I’ve faced down psychopaths armed with rocket launchers, spitting hatred at me from behind a teflon shield while I pump them full of bullets. I’ve broken a man’s arm, then beat him to death with the wet squishy end. I even fired an old lady out of a confetti cannon through a chain link fence (wait, that was another game…damn). But nothing I’ve faced so far compares to the day I started my new job.
“It’s easy Max” said Passos. “Breeze in, rub shoulders with some sexy soccer moms, do your thing, pick up your paycheck then book out.”
Through a ginger-beer haze I said yes.
999 Mockingbird Avenue was the address on the slip. Passos said I could pick up a bag of equipment from a lockup on 33rd and Main. The place smelled like the inside of a rabbit’s cage in high summer but the bag was there. Passos told me not to look inside until I got to the place. Natural curiosity has never been my thing, I always believed that sticking your nose into things is a surefire way to get your schnozz shot off.
The house was nice, sitting behind a white picket fence but all the warning signs were there. I just chose to ignore them. The swing set. The paddling pool. The damned Little Tikes Wendy House. Goddamn I should’ve just turned right around, found the nearest bar and poured myself two fingers of unconsciousness but like a boneheaded idiot I just carried on walking.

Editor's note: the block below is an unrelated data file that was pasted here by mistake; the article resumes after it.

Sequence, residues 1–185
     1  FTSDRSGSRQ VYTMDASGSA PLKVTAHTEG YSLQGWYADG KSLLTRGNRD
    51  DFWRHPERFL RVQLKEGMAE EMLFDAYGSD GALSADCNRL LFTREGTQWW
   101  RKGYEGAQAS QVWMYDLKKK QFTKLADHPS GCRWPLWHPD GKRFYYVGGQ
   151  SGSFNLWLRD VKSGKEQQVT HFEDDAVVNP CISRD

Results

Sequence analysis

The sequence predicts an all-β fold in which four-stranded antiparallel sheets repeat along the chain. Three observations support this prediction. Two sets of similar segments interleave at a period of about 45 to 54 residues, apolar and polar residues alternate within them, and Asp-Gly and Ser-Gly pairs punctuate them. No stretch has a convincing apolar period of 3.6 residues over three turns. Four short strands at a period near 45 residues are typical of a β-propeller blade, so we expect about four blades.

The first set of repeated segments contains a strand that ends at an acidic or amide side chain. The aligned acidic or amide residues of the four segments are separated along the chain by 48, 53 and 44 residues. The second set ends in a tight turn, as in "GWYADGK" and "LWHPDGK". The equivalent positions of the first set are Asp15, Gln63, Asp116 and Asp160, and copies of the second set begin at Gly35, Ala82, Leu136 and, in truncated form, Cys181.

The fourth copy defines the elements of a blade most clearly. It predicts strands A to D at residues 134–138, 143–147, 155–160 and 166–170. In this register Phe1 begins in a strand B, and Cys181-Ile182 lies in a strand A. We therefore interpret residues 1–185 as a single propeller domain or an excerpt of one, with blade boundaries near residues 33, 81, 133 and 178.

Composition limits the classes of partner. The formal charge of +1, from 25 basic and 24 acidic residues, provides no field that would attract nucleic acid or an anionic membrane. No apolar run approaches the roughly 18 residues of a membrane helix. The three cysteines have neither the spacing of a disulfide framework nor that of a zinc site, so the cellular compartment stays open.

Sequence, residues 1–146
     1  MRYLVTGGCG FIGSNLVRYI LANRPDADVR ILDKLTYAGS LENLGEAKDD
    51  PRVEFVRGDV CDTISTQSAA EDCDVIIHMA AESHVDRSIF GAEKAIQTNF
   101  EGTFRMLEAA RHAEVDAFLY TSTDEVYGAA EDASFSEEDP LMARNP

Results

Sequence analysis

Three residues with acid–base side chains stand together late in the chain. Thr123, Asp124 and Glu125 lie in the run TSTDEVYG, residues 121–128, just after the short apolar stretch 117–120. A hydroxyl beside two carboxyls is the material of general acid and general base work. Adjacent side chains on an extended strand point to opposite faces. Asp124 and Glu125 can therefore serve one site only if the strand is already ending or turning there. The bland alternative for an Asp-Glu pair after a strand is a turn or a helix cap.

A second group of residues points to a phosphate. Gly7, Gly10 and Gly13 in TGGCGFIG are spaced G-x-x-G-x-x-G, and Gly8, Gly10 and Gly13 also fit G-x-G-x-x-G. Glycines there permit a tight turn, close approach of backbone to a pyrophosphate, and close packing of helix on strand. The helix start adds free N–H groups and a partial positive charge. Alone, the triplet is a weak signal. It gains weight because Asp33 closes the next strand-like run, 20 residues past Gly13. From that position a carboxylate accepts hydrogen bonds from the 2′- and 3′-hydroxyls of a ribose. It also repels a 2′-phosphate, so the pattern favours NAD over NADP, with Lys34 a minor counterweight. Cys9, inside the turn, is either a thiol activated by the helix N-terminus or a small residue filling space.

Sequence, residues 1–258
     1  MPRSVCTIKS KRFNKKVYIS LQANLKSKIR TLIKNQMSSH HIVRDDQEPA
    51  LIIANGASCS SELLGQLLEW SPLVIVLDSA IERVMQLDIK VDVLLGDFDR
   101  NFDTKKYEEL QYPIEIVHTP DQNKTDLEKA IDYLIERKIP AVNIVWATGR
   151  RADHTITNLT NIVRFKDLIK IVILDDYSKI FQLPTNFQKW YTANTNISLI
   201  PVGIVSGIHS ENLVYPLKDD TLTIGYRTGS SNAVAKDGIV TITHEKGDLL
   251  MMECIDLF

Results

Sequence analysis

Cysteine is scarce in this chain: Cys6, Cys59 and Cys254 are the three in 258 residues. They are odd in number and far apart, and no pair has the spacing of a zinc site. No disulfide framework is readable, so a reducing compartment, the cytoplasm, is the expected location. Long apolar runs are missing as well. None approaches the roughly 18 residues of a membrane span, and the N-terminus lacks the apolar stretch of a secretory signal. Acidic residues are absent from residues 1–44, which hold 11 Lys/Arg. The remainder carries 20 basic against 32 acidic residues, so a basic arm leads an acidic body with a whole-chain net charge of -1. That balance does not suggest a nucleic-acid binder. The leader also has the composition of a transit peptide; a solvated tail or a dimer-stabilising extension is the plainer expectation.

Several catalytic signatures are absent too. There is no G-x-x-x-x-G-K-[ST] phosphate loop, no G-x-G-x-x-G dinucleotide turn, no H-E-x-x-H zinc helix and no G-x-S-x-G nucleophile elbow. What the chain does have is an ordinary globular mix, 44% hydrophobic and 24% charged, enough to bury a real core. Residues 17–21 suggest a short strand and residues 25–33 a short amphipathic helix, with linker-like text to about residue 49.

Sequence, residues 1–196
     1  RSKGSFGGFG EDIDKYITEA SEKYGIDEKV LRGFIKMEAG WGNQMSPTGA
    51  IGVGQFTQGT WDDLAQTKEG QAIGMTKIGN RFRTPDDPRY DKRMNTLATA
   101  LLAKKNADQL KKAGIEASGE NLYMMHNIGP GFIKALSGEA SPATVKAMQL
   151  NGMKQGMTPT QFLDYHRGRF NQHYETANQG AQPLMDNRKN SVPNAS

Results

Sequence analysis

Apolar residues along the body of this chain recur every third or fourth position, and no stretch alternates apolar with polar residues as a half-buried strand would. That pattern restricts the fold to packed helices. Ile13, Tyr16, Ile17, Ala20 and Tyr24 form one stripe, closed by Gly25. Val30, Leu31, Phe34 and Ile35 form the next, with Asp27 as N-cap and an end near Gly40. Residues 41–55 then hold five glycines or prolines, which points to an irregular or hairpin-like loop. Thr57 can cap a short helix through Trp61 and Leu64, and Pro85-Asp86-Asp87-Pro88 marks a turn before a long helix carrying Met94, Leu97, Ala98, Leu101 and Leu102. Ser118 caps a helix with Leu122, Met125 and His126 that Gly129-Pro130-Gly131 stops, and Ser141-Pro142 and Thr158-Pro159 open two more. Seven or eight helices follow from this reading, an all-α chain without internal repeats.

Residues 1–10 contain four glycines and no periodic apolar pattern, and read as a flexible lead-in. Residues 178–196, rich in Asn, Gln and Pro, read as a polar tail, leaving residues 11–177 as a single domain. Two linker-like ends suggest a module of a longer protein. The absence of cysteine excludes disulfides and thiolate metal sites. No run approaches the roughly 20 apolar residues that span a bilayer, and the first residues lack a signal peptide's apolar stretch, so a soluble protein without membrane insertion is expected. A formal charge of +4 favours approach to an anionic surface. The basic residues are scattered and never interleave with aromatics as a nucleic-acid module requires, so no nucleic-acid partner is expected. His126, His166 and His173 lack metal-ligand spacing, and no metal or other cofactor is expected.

I rang the doorbell, a cheery little chime that sounded like a robot bird singing “Au Clair De La Lune” or some other shit.
A curvaceous woman answered the door, showing just enough cleavage to make me think Right Said Fred had taken up residence under her blouse.
“Heyyyyyy! You must be Max! Come in! Come in!” she twittered, ushering me through the door. Somewhere at the back of the house I could hear noises. Animal noises, like the noise you probably hear on a mink farm when it’s skinning time.
Maisie, the well stacked broad, walked on ahead leading me by the hand. She moved like liquid mercury poured over ratafia biscuits. I tried not to let it distract me, hefted the bag and followed.
“HEYYYY Everyone! Look who’s here! It’s Max the Puppet Master!”
In the few microseconds it took my visual cortex to register the scene, and the extra seconds it took my brain to process what was going on I felt like I’d been kicked in the gut. Cold sweat broke out across my back and shoulders like I’d been hit with a freeze ray.
“Kids. Oh my gentle Jesus. Kids!”
Struggling to stay vertical I looked in the bag. Two hand puppets and a shiny red clowns nose looked back at me forlornly.
“READ US A STORY UNKIE MAX!” shouted the dozen or so voices, sounding like the ghostly voices of a scratched gramophone record.
“STO-RY STO-RY STO-RY!” they echoed…
What happened for the next hour was a complete blur. No bourbon hangover, no amphetamine-fuelled nightmare, no jilted hooker or coke-crazed drug baron could compare to that hour of terror. Kids clambering over each other, snot – oh god – so much snot, everywhere and over everything. I swear I saw one kid grind an oreo into the cream-coloured vanity rug with his heel while another kid stuck a half-licked lolly to his mother’s butt while she was using her smartphone to update her twitter feed.
There was no choice. I dived through the closed window, vaulted the paddling pool, dived over the picket fence and ran. Just ran.
Two days later, Passos rang. He was plenty pissed.
This article first appeared on Dead Pixels on Toast and is reproduced here with the express permission of the author. The original article can be found here.